China, the leading consumer of cobalt
China, Japan and the United States are the world's largest consumers of cobalt. In 2019, China topped the podium and 80% of the cobalt consumed there is used in the manufacture of batteries (USGS).
High geological criticality
In order to assess the availability of cobalt until 2050, the TIAM-IFPEN model was used. Two climate scenarios (2D (2°C) and 4D (4°C) were considered, each with two different mobility scenarios: Business As Usual (BAU) mobility - a continuous increase in ownership and an equivalent dependence on the car as observed today - and sustainable mobility - stronger fiscal and regulatory policies with priority given to sustainable mobility modes such as public and non-motorized transport.
For each mobility scenario, three lithium-ion battery chemistry mix trajectories were considered: one with a high cobalt content (10% NCA, 90% NMC622), one in-between (10% NCA, 40% NMC622) and a low cobalt content mix (10% NCA, 90% NMC811) by 2050.
In order to assess the level of criticality related to cobalt, cumulative demand ratios to 2050 in relation to currently known resources were calculated by varying the three groups of parameters previously described.
The results obtained show a higher pressure on cobalt resources in a 2°C scenario: based on a BAU mobility scenario with a mix of high cobalt content lithium-ion batteries , the cumulative demand ratio of cobalt to resources increases from 64% in the case of a 4°C climate scenario to 83.2% in the case of a more ambitious climate scenario. The latter ratio means that 83.2% of cobalt resources would be consumed between 2013 and 2050 in such a scenario (Chart 4).
Mobility policies also have an impact on the criticality of cobalt: whatever is the climate scenario considered, the adoption of so-called sustainable mobility reduces the pressure on cobalt resources (Chart 4).
The type of battery technology chosen also influences the level of criticality associated with cobalt by 2050. Thus, in the case of a 2D scenario with BAU mobility, the adoption of technologies with low cobalt content reduces the cumulative consumption/resource ratio from 83.2% to 64.7% (Chart 5).
The results project therefore suggest a high level of geological criticality in the case of the most constrained scenarios. If we consider that a limitation of global warming to 2D will be the selected objective, two levers can then be harnessed in order to moderate the pressure on cobalt resources.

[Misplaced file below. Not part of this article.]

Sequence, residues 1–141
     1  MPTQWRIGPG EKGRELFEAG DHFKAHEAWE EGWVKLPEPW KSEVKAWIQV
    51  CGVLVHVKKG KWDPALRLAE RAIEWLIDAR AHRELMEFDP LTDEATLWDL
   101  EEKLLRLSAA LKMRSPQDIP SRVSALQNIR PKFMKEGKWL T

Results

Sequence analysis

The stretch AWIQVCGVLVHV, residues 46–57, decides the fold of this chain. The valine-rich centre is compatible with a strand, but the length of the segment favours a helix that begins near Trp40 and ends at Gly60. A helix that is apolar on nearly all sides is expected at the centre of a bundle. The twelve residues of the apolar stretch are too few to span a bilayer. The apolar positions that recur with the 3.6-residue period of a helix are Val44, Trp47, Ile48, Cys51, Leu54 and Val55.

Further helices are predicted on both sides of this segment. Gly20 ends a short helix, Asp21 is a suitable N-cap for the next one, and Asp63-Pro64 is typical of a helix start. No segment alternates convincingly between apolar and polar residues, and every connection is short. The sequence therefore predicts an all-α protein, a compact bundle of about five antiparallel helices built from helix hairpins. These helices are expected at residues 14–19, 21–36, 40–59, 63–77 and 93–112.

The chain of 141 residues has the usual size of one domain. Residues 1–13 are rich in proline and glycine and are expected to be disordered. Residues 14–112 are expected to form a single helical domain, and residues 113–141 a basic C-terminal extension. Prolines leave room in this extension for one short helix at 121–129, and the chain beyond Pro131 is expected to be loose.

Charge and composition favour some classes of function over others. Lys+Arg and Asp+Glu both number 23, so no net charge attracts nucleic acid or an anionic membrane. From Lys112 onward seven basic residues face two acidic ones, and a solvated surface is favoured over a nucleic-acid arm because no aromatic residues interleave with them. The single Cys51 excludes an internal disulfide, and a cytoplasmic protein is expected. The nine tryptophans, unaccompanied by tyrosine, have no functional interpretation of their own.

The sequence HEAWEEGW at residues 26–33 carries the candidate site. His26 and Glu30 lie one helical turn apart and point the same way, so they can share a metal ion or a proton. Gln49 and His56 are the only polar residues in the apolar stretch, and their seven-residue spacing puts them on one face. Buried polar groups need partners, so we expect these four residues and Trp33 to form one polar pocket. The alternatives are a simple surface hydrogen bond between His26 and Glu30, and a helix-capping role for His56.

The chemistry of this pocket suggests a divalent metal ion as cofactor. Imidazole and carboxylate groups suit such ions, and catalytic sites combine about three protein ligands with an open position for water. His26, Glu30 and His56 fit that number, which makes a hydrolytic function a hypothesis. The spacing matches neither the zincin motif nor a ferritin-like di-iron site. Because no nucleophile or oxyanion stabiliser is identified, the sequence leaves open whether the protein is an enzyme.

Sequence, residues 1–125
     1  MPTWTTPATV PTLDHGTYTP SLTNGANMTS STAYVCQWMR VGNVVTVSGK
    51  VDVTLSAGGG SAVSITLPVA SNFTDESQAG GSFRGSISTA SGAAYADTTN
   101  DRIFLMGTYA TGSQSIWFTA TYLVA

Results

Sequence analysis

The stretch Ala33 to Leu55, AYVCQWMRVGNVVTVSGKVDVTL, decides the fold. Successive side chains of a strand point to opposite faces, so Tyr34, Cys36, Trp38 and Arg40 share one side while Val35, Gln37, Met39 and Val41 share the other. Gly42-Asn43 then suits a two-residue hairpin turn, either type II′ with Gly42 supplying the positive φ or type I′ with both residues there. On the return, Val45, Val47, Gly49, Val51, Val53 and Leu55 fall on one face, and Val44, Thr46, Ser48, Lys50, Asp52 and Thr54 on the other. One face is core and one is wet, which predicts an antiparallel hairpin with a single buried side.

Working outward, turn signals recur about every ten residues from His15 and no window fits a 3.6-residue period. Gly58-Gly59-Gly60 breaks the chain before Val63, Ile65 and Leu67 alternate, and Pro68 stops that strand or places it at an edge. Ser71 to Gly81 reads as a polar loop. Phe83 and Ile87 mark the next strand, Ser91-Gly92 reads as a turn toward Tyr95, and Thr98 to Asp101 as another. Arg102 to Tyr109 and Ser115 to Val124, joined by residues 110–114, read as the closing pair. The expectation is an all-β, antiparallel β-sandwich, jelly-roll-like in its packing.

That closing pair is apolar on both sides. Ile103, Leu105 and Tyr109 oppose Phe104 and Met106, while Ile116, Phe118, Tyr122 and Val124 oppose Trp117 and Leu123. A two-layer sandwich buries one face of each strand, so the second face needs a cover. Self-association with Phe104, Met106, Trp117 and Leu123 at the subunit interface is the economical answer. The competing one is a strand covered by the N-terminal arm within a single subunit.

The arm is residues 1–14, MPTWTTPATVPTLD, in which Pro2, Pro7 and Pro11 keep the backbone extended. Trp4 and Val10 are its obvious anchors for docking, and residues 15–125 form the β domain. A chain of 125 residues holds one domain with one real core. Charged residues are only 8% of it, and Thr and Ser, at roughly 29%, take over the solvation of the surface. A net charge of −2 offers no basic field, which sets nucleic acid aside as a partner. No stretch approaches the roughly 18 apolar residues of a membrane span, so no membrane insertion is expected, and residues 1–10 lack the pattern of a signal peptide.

Firstly, promoting low cobalt intensity battery technologies seems to be the most efficient way to reduce cobalt-related criticality. Secondly, the results of the modelling work also show the positive impact of the implementation of sustainable mobility policies on the criticality level of the blue metal. Finally, recycling is expected to play a key role in meeting the strong increase in demand for cobalt by 2050.
A particularly fragile economic and strategic situation
Cobalt, a by-product of copper and nickel mines
In 2015, 98% of the cobalt extracted from the ground was a by-product of copper or nickel mines. Only the Bou-Azzer mine in Morocco has made cobalt its main product. This characteristic of cobalt enhances the supply risk associated with it because the amount of by-product generated by mining activities is closely related to the amount of main metals produced. As a result, the ability of the cobalt market to adapt to a strong increase in demand is limited.
Furthermore, the demand for cobalt is not very sensitive to price variations. In the event of a sharp rise in prices, the cobalt market will respond in three ways: by increasing recycled volumes, by relying on technological innovations to extract a wider range of resources and by mobilizing more informal production of cobalt from DRC (Campbell, 2019).
Cobalt, "blood diamond" according to NGOs